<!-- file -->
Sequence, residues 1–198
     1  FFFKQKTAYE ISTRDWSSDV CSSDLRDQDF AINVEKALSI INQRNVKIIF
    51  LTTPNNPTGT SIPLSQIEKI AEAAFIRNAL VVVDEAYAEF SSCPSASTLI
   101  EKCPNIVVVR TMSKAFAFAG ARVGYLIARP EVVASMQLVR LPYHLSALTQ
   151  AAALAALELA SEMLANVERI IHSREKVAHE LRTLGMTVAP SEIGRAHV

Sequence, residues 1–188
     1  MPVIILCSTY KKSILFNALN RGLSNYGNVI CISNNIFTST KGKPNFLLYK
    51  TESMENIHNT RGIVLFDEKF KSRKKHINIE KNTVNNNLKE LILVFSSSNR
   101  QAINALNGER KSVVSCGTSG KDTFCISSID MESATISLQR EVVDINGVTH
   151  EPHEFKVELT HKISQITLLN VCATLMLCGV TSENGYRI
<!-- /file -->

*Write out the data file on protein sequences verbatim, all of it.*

Sequence, residues 1–198
     1  FFFKQKTAYE ISTRDWSSDV CSSDLRDQDF AINVEKALSI INQRNVKIIF
    51  LTTPNNPTGT SIPLSQIEKI AEAAFIRNAL VVVDEAYAEF SSCPSASTLI
   101  EKCPNIVVVR TMSKAFAFAG ARVGYLIARP EVVASMQLVR LPYHLSALTQ
   151  AAALAALELA SEMLANVERI IHSREKVAHE LRTLGMTVAP SEIGRAHV

Sequence, residues 1–188
     1  MPVIILCSTY KKSILFNALN RGLSNYGNVI CISNNIFTST KGKPNFLLYK
    51  TESMENIHNT RGIVLFDEKF KSRKKHINIE KNTVNNNLKE LILVFSSSNR
   101  QAINALNGER KSVVSCGTSG KDTFCISSID MESATISLQR EVVDINGVTH
   151  EPHEFKVELT HKISQITLLN VCATLMLCGV TSENGYRI